When I launched my Augmented Legality blog in 2011, I didn’t know anyone outside a very select group of entrepreneurs and technologists who even knew what augmented reality was. But I shared with the members of that then-fledgling industry a vision that AR would soon revolutionize society as much as the internet had already done. And with all that change would come a boatload of legal issues.
Several milestones came soon thereafter. My first clients in the AR industry. The first judicial decision mentioning AR. The first legal complaint over AR advertising. The first time I got to argue about AR & VR in a federal courtroom. The first book on AR law.
And now, this: the first hearing on augmented reality in the United States Congress.
I’m incredibly honored to have been contacted this summer by the staff of the U.S. Senate Committee on Commerce, Science, and Transportation to provide background on the legal ramifications of augmented reality. Following that and many other conversations, the committee is now ready to convene a hearing entitled “Exploring Augmented Reality” this Wednesday.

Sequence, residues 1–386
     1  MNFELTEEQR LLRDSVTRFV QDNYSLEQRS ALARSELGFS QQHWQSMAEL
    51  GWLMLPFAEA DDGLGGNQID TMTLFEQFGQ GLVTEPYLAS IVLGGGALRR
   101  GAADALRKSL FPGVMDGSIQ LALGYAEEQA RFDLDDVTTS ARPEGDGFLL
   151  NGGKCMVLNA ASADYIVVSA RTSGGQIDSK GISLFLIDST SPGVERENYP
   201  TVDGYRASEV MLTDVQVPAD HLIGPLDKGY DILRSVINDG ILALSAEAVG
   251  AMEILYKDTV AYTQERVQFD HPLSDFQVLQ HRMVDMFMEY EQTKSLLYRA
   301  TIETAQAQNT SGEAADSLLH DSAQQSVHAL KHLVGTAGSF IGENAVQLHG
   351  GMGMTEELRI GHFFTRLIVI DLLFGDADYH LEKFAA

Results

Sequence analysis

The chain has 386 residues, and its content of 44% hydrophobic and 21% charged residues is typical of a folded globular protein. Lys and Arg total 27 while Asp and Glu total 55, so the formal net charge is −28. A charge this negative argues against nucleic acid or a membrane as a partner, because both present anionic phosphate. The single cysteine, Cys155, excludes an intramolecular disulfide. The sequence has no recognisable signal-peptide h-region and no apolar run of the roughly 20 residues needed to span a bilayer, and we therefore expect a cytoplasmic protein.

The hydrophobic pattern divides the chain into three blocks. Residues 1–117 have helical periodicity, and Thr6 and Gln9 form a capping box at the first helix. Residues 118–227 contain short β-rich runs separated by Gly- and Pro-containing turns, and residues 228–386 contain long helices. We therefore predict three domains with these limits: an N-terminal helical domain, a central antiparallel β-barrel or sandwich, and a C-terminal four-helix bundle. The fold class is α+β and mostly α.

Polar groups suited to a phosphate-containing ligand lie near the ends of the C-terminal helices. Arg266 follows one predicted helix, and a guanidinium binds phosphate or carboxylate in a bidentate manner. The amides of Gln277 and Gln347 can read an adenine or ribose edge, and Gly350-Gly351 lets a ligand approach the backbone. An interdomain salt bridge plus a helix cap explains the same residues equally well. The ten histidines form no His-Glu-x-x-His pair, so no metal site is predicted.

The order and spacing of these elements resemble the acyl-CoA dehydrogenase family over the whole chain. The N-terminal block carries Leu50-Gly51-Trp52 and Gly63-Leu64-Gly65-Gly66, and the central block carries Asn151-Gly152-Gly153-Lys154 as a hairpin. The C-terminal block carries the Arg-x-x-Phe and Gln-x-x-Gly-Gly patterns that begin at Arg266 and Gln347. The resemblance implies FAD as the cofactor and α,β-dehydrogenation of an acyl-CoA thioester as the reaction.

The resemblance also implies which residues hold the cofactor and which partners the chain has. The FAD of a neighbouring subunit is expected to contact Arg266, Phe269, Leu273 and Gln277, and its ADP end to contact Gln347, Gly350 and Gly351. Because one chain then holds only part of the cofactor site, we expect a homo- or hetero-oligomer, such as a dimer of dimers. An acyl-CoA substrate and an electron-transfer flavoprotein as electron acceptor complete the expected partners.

“Stretching far beyond entertainment, augmented reality is starting to be used today for transportation safety, scientific research, communication, and other real-world tasks,” says Committee Chairman John Thune (R-S.D.). “Expert witnesses testifying at the first congressional hearing on augmented reality will introduce to the committee the potential applications and policy considerations of this rapidly-developing technology.”
The lineup of witnesses includes Daqri founder & CEO Brian Mullins, whom I’ve been privileged to know since he gave me an interview for this blog back in 2011. His vision for AR has only gotten bigger since then, and is becoming tangible more and more each day now that the ground-breaking Daqri Smart Helmet is shipping and 150,000 Daqri Holographics automotive heads-up display units are on the road. Also scheduled to appear is John Hanke, CEO of Niantic, the company whose Pokemon Go game finally succeeded in making “augmented reality” a mainstream term.
For someone who has anticipated AR-related legal developments for so long, seeing actual lawmakers take an active interest in the technology is an exciting step into the future.
Watch this space for further updates on the congressional hearing later this week.